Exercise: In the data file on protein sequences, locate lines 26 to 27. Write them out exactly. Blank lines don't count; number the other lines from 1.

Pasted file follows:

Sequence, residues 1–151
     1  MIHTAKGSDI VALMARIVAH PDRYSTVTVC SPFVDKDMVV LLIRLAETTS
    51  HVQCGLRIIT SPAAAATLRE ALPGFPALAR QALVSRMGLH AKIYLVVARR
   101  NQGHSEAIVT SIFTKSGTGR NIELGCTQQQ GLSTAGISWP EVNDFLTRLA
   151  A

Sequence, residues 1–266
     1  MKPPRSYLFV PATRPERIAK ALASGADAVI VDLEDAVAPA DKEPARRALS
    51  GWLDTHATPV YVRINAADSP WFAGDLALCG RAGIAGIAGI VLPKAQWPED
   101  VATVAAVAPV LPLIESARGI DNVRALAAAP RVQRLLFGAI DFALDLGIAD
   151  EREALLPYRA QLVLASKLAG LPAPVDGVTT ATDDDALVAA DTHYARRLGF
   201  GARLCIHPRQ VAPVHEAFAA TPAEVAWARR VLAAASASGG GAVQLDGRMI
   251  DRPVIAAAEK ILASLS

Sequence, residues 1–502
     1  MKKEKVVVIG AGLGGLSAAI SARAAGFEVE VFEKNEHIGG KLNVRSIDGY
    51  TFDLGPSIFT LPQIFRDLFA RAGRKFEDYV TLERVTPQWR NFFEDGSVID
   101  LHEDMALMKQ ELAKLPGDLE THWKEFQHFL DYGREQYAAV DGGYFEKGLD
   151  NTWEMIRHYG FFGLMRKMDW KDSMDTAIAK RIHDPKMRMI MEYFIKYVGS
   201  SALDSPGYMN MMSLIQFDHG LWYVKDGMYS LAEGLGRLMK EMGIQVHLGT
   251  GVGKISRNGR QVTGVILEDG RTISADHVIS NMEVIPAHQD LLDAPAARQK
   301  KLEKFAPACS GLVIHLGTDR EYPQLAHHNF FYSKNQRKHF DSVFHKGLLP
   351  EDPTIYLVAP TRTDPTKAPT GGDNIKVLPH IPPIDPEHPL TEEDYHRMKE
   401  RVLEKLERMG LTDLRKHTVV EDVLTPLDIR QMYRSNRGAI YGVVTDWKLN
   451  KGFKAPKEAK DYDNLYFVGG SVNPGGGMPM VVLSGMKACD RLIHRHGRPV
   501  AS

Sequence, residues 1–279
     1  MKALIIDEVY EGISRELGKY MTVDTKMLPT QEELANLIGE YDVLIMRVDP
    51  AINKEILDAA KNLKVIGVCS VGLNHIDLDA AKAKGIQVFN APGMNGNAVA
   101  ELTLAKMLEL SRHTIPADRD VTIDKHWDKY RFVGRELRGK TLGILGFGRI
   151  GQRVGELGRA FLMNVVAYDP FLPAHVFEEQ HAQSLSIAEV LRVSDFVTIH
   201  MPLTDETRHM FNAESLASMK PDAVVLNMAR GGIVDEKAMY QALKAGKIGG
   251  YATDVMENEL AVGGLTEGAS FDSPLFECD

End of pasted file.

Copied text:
     1  MKALIIDEVY EGISRELGKY MTVDTKMLPT QEELANLIGE YDVLIMRVDP
    51  AINKEILDAA KNLKVIGVCS VGLNHIDLDA AKAKGIQVFN APGMNGNAVA